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Can a person on legal aid be awarded costs — and if so, how much?

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As noted in Legal Services on Westlaw New Zealand, Peart v Chandra [2022] NZHC 665 confirms the default position that costs may be awarded to a legally aided party (who is successful against an unaided party) up to the lesser of (a) the total fees payable by the Legal Services Commissioner to counsel (i.e. the amount of legal aid approved for payment) and (b) scale costs.

This April 2022 decision dealt with costs on an interlocutory application by the legally aided plaintiff (which had resulted in orders directing the first defendant to file an amended statement of defence and amended affidavit of documents). The plaintiff sought an award of costs on a 2B scale basis (against the first defendant only). Regarding legal aid, the High Court began by observing (with reference to Taunoa v Attorney-General [compensation] (2004) 8 HRNZ 53 (HC) at [43] in a footnote): 

"[5] The plaintiff is and was at all material times legally aided. While noting that an award of costs is limited by r 14.2(1)(f) [of the High Court Rules 2016] to the total fees payable by the Legal Services Commissioner to counsel, she seeks costs of $10,874.50 and disbursements on the basis that the order is made after her counsel has provided evidence of actual costs relevantly charged to the Legal Services Commissioner."

The opposing submissions were then outlined, including as follows re legal aid:

"[6] The first defendant submits that there is an issue as to whether the plaintiff’s counsel has already received legal aid payment in respect of the present application and whether the plaintiff receiving costs from the first defendant would therefore result in her being paid twice. … Moreover, the plaintiff knew that if unsuccessful on the application, no costs would be awarded against her given that she was legally aided."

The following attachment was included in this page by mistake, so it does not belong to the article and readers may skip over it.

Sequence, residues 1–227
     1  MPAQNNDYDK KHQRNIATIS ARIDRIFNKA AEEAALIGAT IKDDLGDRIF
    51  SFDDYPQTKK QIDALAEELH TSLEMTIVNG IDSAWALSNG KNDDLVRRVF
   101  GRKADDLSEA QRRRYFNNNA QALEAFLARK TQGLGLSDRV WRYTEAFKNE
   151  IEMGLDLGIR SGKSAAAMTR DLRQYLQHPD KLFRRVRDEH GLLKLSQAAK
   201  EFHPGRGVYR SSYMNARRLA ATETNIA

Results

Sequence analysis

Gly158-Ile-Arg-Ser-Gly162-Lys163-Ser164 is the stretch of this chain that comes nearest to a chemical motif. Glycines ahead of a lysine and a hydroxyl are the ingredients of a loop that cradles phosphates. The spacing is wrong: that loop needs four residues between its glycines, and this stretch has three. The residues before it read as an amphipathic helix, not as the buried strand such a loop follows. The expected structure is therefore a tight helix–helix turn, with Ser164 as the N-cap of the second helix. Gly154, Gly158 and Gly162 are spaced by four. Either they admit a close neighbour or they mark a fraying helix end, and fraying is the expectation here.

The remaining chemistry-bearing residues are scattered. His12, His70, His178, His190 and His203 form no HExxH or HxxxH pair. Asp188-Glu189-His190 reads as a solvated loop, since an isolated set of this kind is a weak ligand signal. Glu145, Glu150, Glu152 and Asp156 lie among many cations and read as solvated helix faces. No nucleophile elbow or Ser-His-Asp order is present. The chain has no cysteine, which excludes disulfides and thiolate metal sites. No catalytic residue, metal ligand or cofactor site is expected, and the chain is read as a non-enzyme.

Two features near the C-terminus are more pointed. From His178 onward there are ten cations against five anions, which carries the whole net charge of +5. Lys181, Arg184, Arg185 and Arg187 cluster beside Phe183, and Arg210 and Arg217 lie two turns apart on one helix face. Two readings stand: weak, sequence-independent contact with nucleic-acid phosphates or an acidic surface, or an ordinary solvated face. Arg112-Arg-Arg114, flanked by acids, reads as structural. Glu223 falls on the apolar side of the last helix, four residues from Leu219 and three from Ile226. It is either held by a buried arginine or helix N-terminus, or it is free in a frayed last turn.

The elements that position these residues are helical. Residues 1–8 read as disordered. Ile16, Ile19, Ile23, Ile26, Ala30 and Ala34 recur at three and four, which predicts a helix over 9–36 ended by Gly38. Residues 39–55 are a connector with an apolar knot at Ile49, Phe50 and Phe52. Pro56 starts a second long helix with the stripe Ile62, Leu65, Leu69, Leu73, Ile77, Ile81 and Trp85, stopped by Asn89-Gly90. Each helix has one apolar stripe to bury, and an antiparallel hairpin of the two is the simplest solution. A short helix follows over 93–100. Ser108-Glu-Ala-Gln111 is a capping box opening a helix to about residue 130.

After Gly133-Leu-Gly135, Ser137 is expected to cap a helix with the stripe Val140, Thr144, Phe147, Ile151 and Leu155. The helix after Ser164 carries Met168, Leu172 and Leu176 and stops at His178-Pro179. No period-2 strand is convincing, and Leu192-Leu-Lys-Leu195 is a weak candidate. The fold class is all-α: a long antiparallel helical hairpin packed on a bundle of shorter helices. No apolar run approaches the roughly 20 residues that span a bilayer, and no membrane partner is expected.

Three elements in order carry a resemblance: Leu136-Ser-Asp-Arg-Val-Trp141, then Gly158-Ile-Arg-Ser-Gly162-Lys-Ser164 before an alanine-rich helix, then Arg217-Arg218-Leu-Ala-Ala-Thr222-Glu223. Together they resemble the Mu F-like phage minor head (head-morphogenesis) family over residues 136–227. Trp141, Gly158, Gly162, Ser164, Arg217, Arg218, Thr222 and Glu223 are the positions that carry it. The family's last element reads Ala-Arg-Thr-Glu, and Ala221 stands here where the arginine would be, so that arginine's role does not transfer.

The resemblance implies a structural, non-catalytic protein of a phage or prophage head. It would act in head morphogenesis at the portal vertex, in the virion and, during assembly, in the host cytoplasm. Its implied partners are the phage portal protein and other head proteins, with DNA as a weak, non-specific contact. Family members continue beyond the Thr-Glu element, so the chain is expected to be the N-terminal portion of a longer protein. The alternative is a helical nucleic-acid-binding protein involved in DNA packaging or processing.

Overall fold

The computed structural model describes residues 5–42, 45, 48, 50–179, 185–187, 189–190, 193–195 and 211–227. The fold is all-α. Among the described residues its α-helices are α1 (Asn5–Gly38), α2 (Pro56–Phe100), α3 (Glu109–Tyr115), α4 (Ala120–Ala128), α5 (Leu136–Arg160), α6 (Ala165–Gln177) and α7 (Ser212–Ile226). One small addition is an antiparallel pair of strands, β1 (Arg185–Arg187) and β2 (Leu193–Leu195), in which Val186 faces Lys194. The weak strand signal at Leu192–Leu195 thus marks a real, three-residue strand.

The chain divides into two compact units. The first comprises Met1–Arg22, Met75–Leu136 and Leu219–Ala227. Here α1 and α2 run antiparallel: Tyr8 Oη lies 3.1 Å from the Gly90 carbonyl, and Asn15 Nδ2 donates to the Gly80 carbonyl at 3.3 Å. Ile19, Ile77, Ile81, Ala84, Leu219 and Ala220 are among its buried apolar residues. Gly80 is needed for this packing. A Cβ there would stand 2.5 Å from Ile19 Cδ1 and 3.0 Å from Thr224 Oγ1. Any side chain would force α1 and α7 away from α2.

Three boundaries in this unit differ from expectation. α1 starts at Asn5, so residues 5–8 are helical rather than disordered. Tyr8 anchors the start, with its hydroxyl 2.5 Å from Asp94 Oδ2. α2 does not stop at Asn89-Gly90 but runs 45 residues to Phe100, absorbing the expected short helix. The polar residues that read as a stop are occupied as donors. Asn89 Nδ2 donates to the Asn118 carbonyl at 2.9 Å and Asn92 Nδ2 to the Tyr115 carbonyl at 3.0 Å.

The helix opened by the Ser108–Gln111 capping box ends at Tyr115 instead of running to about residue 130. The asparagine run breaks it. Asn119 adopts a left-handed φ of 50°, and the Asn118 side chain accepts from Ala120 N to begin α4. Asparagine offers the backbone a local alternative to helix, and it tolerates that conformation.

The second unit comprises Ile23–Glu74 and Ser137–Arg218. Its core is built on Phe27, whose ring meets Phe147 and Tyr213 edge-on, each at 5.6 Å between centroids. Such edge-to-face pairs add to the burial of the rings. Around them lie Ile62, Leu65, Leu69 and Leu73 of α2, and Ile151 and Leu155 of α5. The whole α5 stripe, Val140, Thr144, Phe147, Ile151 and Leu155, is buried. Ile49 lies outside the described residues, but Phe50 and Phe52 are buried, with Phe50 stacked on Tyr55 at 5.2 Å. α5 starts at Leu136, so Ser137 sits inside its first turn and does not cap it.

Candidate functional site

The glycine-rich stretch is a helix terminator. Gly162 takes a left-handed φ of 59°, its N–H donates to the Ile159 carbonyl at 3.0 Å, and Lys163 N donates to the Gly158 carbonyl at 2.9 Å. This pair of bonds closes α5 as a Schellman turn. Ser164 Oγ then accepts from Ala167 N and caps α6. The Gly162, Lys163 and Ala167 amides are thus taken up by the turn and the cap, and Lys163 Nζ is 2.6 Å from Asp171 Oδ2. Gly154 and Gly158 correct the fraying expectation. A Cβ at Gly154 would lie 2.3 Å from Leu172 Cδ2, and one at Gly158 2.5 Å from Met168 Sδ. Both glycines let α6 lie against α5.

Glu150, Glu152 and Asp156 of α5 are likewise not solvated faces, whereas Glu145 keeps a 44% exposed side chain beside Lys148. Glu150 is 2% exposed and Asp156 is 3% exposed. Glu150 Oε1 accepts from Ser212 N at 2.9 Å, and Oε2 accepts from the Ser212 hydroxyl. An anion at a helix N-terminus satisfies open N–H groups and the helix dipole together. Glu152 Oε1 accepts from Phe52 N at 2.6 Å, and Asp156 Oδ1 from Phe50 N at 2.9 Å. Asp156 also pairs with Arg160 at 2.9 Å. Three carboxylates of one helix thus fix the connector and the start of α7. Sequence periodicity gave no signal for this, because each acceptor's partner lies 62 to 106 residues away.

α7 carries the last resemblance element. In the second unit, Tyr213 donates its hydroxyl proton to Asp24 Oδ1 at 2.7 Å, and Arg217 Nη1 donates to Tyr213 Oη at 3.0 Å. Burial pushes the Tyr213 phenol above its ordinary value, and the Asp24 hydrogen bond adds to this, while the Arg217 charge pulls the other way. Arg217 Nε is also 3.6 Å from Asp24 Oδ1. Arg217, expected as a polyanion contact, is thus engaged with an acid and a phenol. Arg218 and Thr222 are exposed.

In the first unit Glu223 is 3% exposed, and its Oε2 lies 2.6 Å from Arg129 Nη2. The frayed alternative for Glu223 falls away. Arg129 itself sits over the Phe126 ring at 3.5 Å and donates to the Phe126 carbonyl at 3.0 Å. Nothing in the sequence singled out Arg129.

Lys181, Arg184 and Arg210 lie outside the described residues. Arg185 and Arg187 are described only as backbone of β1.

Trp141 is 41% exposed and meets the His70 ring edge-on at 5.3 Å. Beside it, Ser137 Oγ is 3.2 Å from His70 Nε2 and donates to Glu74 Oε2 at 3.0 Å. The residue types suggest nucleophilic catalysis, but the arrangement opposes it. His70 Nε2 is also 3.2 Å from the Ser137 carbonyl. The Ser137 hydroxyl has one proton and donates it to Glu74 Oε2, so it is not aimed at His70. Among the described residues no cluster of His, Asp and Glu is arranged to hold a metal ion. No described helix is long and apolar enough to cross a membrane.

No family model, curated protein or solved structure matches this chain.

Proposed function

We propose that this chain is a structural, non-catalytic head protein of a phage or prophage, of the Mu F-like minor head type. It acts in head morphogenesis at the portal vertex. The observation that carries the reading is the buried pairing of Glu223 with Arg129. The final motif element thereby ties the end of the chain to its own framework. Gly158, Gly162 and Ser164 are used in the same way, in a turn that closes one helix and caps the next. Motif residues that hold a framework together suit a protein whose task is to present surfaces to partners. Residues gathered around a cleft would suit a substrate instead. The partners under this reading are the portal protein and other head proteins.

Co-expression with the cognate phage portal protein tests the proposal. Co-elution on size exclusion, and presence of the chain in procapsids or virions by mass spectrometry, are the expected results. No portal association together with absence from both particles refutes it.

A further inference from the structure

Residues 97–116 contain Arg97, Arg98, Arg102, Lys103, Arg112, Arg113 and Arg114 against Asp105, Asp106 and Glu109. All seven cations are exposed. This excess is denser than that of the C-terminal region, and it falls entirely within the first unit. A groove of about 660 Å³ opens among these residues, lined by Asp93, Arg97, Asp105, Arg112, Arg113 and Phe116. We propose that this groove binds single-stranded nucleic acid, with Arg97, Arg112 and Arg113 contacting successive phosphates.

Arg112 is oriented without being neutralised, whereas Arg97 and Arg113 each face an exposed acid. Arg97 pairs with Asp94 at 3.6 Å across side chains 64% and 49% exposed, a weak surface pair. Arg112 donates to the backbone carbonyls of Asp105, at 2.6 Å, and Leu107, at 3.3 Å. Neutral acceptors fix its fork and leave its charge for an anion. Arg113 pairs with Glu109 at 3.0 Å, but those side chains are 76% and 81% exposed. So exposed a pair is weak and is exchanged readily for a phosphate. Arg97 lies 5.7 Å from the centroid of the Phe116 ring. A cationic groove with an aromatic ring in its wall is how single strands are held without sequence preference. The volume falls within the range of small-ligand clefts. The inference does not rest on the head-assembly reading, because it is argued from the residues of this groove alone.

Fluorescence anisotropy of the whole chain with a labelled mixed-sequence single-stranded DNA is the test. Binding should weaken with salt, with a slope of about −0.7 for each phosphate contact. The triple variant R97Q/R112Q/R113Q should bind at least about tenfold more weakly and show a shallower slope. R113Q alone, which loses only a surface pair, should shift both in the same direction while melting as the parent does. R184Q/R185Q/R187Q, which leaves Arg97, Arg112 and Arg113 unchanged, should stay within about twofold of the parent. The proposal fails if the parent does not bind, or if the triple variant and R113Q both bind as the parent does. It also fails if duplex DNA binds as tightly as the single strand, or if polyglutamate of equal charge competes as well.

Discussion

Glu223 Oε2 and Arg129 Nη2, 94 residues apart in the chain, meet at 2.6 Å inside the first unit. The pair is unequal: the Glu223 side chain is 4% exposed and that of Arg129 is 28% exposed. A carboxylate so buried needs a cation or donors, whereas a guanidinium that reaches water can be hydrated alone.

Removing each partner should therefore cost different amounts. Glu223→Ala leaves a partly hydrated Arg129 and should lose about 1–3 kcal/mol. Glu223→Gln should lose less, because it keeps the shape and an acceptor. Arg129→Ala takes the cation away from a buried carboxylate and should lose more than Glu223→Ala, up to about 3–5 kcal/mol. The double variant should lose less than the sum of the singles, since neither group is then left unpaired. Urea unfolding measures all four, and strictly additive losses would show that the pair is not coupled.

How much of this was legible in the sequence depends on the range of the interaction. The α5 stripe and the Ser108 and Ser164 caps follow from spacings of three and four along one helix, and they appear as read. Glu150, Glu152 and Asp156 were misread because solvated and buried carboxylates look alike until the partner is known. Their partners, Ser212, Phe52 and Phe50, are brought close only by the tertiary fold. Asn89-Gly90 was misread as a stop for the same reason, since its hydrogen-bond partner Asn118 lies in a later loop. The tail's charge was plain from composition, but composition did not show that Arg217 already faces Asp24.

Paul Davison J replied to those submissions as follows (with reference to Kawhia Offshore Services Ltd v Rutherford HC Hamilton CP61/99, 10 July 2002 in a footnote):

"[9] I consider that the plaintiff is entitled to costs in accordance with the usual principles. There is no issue with the plaintiff receiving an award of costs on the basis that she is legally aided. The plaintiff’s counsel will have received payment from the Legal Services Commissioner. The plaintiff will then be required to repay an amount to the Legal Services Commissioner. There is no concern that the plaintiff will be paid twice. Nor should her entitlement to costs be reduced merely because she is legally aided."

After dismissing various other matters raised (save for declining to award costs to the plaintiff for preparing costs submissions), his Honour ordered as follows:

"[13] I direct the plaintiff’s counsel to provide evidence to the registrar of the actual costs relevantly charged to the Legal Services Commissioner for the purposes of this application.

[14] On the basis that any award of costs cannot exceed that amount, I award costs to the plaintiff on the interlocutory application on a 2B scale basis totalling $9,918.50 together with reasonable disbursements as fixed by the registrar."

The result here — that costs can be awarded to an aided person up to the amount of approved legal aid payments (provided that amount is less than scale costs) — is in keeping with other recent cases on costs in favour of legally aided parties:

These cases, together with Peart v Chandra, are all noted in Legal Services at [LA45.13(1)] on Westlaw New Zealand.

By Kevin Leary

Kevin Leary is a Senior Legal Editor in the New Zealand Analytical Law team at Thomson Reuters. He has more than 20 years' experience as an editor of bound books, looseleafs, precedents and their digital equivalents.

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